For those of you who don’t know, a “doll play video” is a video that tells a story from a doll’s point of view. This week I’m featuring Part 2 of “Adventures in Paris,” a doll play video I started after having visited the City of Lights, otherwise known as Paris, France.
I found it ironic, while enjoying my one-time vacation in Paris, that near the Louvre, one of the annex buildings was offering a “History of Barbie” exhibit. Of course I paid a visit!
That little trip to the Barbie museum is the focus of “Adventures in Paris, Part 2.”
However, if you missed Part 1, you might want to go view that video first. It sets the stage for Part 2.
Of course the sewing patterns for the outfits that Tabitha and Vanessa wear in the video are free and printable, right here on ChellyWood.com. Just go to the Gallery Page to find the outfit you want to make and click on that picture. It will take you to a page where you can download and print patterns, and watch my sewing tutorials, so you’ll know exactly how to make these outfits.
Vanessa’s outfit isn’t really for beginners, but it doesn’t take an advanced sewist to make it either. And for fans of Lammily dolls, Vanessa’s shorts pattern will also fit Lammily! But the shirt, unfortunately does not. Sorry…
Recently, some of my followers have wondered what motivates me to give my patterns away for free.
First of all, I’m a librarian by trade. Librarians love free stuff! We believe that the more a person knows, the more enriched their life will be. So it may sound kind of crazy, but I want ChellyWood.com to become a sort of Gutenberg Library of free patterns that help people learn to sew doll clothes.
If you’d like to learn more about my motives, feel free to visit my Chelly’s Books page.
Need help printing my patterns? This link offers a tutorial showing you how to download and print my FREE patterns using Google Docs. (For the older print-a-pattern tutorial, which uses Microsoft Word, click here.) To review my difficulty scale (demonstrating how hard or easy a pattern is by the number of flowers displayed), take a look back at this blog post.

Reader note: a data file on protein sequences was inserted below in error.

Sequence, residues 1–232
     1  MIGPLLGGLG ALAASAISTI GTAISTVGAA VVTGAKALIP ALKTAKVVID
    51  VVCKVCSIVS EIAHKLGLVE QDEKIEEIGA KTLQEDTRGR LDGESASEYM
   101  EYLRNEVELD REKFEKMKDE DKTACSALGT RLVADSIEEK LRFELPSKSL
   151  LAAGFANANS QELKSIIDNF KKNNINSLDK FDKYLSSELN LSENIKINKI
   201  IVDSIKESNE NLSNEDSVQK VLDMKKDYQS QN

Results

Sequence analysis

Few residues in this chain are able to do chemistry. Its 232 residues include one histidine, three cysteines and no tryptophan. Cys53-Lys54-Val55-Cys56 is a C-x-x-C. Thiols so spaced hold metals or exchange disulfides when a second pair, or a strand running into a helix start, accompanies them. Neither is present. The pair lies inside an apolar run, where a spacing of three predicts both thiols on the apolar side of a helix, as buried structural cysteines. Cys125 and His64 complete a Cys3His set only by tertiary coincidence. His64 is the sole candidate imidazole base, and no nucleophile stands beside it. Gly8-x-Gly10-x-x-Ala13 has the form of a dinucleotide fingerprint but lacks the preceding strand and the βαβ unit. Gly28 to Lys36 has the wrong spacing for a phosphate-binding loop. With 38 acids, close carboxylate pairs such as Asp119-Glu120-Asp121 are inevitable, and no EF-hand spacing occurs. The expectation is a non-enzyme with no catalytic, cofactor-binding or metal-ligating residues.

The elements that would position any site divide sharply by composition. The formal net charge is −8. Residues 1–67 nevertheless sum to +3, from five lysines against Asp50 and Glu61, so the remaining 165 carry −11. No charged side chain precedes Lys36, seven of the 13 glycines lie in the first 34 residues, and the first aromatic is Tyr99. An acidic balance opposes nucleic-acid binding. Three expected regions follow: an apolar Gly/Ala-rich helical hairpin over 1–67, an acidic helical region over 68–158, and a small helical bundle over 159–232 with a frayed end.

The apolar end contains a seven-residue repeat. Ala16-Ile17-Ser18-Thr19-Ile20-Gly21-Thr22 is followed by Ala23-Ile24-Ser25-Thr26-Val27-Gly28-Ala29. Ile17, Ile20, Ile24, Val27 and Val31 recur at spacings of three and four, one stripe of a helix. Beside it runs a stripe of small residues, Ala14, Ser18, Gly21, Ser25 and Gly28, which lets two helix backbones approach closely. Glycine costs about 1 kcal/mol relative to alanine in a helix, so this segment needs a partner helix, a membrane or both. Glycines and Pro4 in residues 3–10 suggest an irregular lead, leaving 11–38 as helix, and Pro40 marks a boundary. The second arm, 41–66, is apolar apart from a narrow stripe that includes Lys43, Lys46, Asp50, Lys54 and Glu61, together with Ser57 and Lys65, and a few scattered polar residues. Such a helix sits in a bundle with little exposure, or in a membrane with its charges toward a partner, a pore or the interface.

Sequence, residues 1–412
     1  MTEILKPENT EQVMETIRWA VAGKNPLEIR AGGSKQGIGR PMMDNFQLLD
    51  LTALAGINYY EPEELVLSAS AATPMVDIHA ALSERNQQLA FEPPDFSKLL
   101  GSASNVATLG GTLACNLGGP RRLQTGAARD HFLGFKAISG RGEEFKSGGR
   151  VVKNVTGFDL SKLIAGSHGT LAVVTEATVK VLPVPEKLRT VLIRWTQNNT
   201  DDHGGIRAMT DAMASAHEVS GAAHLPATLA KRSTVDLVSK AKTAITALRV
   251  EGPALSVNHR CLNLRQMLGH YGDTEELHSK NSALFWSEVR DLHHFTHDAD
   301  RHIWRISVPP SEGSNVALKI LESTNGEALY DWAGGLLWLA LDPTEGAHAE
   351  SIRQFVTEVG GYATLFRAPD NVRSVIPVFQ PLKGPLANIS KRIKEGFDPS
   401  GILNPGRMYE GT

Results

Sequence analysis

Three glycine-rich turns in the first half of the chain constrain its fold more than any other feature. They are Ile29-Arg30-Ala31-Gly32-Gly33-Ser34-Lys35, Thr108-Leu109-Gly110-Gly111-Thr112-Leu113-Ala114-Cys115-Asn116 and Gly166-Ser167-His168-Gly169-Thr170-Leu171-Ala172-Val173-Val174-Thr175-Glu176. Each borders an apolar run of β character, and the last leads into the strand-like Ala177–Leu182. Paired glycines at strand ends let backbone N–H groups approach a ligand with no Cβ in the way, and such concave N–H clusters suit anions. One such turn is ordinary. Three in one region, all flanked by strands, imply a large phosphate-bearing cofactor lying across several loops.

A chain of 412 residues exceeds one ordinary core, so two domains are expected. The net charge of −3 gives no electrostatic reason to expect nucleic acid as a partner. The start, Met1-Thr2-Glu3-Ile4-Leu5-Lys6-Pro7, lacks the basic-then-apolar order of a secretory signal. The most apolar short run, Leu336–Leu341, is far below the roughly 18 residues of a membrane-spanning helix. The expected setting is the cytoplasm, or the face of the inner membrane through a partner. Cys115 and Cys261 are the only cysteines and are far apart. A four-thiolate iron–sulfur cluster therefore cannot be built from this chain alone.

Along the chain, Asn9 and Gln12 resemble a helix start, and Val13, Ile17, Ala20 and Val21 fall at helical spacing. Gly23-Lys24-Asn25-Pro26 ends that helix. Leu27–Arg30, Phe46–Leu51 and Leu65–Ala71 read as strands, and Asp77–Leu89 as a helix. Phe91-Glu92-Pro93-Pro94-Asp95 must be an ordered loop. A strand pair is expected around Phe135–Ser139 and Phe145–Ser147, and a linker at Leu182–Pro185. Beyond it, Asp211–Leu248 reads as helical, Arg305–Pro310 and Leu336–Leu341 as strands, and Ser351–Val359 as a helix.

Please note: you must enlarge my patterns to fit a full-sized piece of American computer paper (8.5 x 11 inches or 216 x 279 mm) without margins, before printing. These designs use a scant 1/4 inch seam (4 mm to be exact).
My patterns are now available through “Creative Commons Attribution.” This means that I created my patterns (and therefore I own rights to them), but I’m willing to share them with everyone who will tell people about my website.
Here are some helpful ways to tell the world about my patterns:
- You can pin them on Pinterest.
- You can like them on Facebook.
- You can tweet about them.
- Use any other form of social media that appeals to you!
Are you new to sewing? I’ve got a playlist of tutorials for the beginning sewists on my YouTube channel. It includes video tutorials showing you how to do a basic straight stitch when sewing by hand, how to use the whipstitch to hem a garment, how to sew on snaps, and even how to design your own doll clothes patterns, for those who are new to design and alterations.
If your question wasn’t answered here, feel free to submit a question. I’m always happy to help my followers find what they need, so they, too, can make amazing doll clothes and crafts!